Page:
Summer Liverpool signing Alisson Becker has lifted the lid on his adjustment to life on Merseyside.
Liverpool completed the world-record signing of Alisson in July, with reports suggesting the Reds have agreed to pay a guaranteed £56million up front, with £53.8m going to Roma and £2.2m to his former club Internacional.
The Brazil international conducted an exclusive interview with Goal as they presented him with a trophy for best goalkeeper in the world based on voting from their panel.
“Nice!” he responded when handed the trophy. “Best in the world, really?”
Alisson’s first taste of Anfield came during his visit with Roma for the Champions League semi-final first leg back in April, when he conceded five. However, he does not hold bad memories of that night.
“It was a very happy moment of my career,” he says. “It was a very happy season, in which I experienced great things.
“In that match, all I remember is the power of the fans and of the team we faced.
“The quality of Liverpool had already attracted my attention from watching them on TV, but I was very, very impressed by what I saw on the field that night.”
The 26-year-old reflected on his decision to swap the Italian capital for Merseyside: “It was a big thing, but I am happy with my decision.
“I believe the intensity is a little different,” Alisson replied when asked about the difference in style between England and Italy.
“During the matches, the opposing team will always offer you some danger.
“In Serie A, in some games, although not always, the big team can control matches. It’s a more tactical football, more studied.
“There is more space to move the ball in the defence, but when you come to the offence, there is no space to create. That’s the difference for me.
“Serie A football is focused on defence; every team is organised in this way. The Premier League is more about intensity.
“In terms of quality, both leagues are very close, but here you have to be prepared for 90 minutes of full intensity.”
Alisson also discussed his own style of play, which includes occasionally being too overconfident on the ball.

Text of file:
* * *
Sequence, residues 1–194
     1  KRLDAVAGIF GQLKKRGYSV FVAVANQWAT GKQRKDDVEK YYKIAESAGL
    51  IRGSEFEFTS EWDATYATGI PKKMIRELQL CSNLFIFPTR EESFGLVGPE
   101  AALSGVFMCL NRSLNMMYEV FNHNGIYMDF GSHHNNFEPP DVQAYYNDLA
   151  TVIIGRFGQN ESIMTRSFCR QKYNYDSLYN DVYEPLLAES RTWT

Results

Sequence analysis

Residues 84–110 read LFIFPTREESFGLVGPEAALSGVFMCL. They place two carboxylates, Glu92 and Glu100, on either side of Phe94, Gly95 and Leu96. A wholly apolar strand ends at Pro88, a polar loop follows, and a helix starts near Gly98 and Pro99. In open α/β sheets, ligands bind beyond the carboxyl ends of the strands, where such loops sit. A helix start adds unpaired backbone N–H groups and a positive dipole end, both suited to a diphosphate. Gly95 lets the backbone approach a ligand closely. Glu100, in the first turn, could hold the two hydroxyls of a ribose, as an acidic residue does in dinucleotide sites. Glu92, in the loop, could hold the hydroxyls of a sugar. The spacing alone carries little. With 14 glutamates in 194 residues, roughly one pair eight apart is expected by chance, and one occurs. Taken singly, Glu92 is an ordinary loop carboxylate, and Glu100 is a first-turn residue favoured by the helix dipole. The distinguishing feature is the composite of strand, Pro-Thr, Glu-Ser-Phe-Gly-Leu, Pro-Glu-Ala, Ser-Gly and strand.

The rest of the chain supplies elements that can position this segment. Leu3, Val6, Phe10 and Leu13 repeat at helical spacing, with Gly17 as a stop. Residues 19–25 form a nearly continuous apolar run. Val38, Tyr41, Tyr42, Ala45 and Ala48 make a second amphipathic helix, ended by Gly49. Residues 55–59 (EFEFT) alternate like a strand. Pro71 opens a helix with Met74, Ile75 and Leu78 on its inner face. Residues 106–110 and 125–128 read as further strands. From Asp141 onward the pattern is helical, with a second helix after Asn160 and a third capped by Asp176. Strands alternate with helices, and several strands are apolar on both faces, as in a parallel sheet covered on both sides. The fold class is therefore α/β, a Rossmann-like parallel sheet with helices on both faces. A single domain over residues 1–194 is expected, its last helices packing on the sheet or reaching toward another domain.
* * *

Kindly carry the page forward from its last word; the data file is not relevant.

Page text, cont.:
“I believe that [good] footwork adds something extra to a goalkeeper but a goalkeeper first needs to defend, to have good positioning.
“Then, after that, he can help the team carrying the ball, which is something I have always enjoyed doing ever since I began my career back at Internacional.
“Here, in Europe, I could do it more because of the style of the teams in which I’ve played.
“Liverpool are a team which works the ball from the back, so it’s important that the goalkeeper can also be part of that.
“I always liked to watch goalkeepers,” he continued. “Watch their styles, their strengths and flaws, to learn something and improve.
“From my childhood, I always looked to Taffarel. He’s our biggest goalkeeping idol in Brazil from the 1994 World Cup, when we won on penalties in the final.
“In the 1998 World Cup semi-final [against Netherlands], he also saved a penalty kick; both are key moments.
“He had technical quality, perfect positioning, so he’s a goalkeeper that always inspired me.
“Also Gianluigi Buffon, he, for me, is one of the best in the history of football, if not the best.”
He was also asked if he ever discusses the title race with fellow Brazilians Ederson, Fernandinho, Danilo, Gabriel Jesus from City – as well as the likes of Willian, David Luiz, Lucas Moura and Fred from Chelsea and Spurs – while on international duty.
“Sometimes!” smiles Alisson. “When we’re on national duty we’re team-mates, but obviously we talk about it.
“This rivalry is important so everyone can grow, so it’s also important for the Brazilian national team. We play in the highest level in the Premier League, so keeping this high level of competition is key.
“We talk, sure, and we know how hard the race for the title is going to be. But we know we can do it. It isn’t easy, but we’ll keep up our good work and look to improve every time.”
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